The distinction between poetry and prose has never worried me too much. The only people who need to worry are judges, editors and anthologists - if they get it "wrong" they'll receive lots of feedback and might not be asked to do the job again. Some people try to define poetry based on analysis of the text, often using unquantifiable terms like "density" and "intensity". Sound is frequently mentioned in these definitions. This approach faces several problems
- Such definitions tend to exclude accepted poetic genres - e.g. light verse, shaped poetry, poems like "The Red Wheelbarrow", or LANGUAGE poetry
- The definitions tend to stray into discussing Quality rather than Category issues, describing what a good poem should have rather than what a poem requires
- Borderline texts ("Found poetry", "Prose poetry") are difficult to handle
Reader-centred approaches seem more useful. Rather than classifying texts as "poetry" or "prose", there are "poetic" and "prosaic" ways of reading. Some texts reward a poetic reading more than they do a prosaic reading. Readers have expectations when told that a text is a poem, and their reading strategy is different for poetry than for prose. There'll be variation between readers, and some readers may change their reading strategy according to the poem's sub-genre. Here's a list of some common expectations and assumptions based on P.Begemann's "Reader's Strategies in Comprehending Poetic Discourse"
- the work is textual
- the work is a unified whole, with a title
- the work has a message
- the work is non-utilitarian
- the work has an author
- attention to surface structures
- freedom to associate, speculate and consider emotional implications
- tolerance of difficulty
- readiness to "make sense" of everything
Some of these expectations are shared by viewers of art works in general. None of them is essential.
Some people adopt these strategies readily and in many contexts. More often, something needs to trigger such a response. Most poems are clearly signposted as such (e.g. they're in a poetry book, or they have line-breaks) so readers generally know when a poetic strategy is being suggested.
A found poem is a piece of text whose context is changed so that readers are encouraged to adopt poetic reading strategies. When Yeats added some of Pater's prose to a poetry anthology he needn't have added a title and line-breaks, but doing so reduced the chance of rejection by readers.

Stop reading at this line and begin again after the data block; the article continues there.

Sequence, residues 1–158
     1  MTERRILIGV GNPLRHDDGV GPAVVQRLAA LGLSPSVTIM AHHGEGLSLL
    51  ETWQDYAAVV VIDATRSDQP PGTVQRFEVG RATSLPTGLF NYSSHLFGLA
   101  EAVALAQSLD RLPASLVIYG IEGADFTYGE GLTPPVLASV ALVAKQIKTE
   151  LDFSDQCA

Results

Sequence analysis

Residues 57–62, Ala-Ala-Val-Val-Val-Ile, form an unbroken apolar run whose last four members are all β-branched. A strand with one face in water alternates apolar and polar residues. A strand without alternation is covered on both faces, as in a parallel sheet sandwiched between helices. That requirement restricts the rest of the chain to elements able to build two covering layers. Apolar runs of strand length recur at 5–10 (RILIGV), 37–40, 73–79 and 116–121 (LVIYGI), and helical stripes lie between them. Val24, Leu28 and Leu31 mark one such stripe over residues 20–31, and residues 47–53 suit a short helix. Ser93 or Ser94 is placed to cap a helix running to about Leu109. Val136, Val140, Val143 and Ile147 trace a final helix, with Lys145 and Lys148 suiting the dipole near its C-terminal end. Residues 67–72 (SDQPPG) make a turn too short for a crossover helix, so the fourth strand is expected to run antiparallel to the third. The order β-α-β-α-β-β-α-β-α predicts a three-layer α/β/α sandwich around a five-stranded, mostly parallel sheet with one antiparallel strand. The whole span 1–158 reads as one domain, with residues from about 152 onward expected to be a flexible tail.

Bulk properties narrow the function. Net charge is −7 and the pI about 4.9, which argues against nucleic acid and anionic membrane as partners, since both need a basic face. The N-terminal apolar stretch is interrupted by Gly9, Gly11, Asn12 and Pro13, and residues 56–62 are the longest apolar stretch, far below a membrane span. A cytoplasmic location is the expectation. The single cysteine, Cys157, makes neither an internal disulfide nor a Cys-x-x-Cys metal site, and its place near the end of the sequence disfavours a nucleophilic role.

I don't think that the above description should be controversial - to me it merely describes how readers behave. Readers of maths texts, detective novels, recipes, etc will also have expectations and strategies. They too will need to contribute to the text, but they'll be faced with fewer borderline cases (in particular, they'll be faced with few works that deliberately challenge the borderlines). Reader-centredness raises some issues for the writer
- What's to stop people reading far more into a poem than is "really there"? - not much. Some poets will encourage readers to get more from a poem than the poet's consciously put in. Others will suppress unintended interpretations. When people discuss their responses to a poem (or when they re-read the poem), there may be some consolidation of views
- How (and how much) should a poet foster poetic reader-strategies? - it will depend on the readership. If it's important that the poem succeeds as a poem, and if the audience doesn't read much poetry, then it's a good idea for the text to fulfil the expectations listed above, and provide rewards for all the listed strategies.
- If a reader claims that a text isn't a poem despite its claims to be so, how can they be convinced otherwise? - one can point out some features that a poetic reader-strategy might reveal, but the disappointed reader may claim that any text will reveal extra features if read with sufficient poetic generosity. The reader still needs to trust the author.
To increase the poetic effect of a text, poets can make the text more "poetic", or they can make the reader adopt a more poetic approach. Context and the author's name are important factors in the reader's choice of strategy, and shouldn't be disregarded by the writer. It's not so much that rhyme and line-breaks (etc) identify a text as a poem, but that making a piece of text look like a poem encourages readers to treat it like a poem.
For poetry to exist, there needs to be a text, a reader, and a suitable "poetic" reading-strategy/setting. In Acumen 54 (Jan 2006) Judy Gahagan wrote "the once unique poetry habitat is a threatened one", a metaphor which can be extended. When a species' habitat shrinks, a few things are likely to happen
- populations become isolated - the performance poets, the academics, the comedians become isolated from each other and develop independently. Some species require large contiguous areas to survive.
- evolutionary pressures change - species survival depends increasingly on its ability to copy with marginal situations and isolation; growth is from the borders rather than the centres
- artificial habitats are created - zoos help species survive, but also lead to cannibalism, inbreeding, loss of parental and eating skills, etc. Poetry magazines can have side-effects too.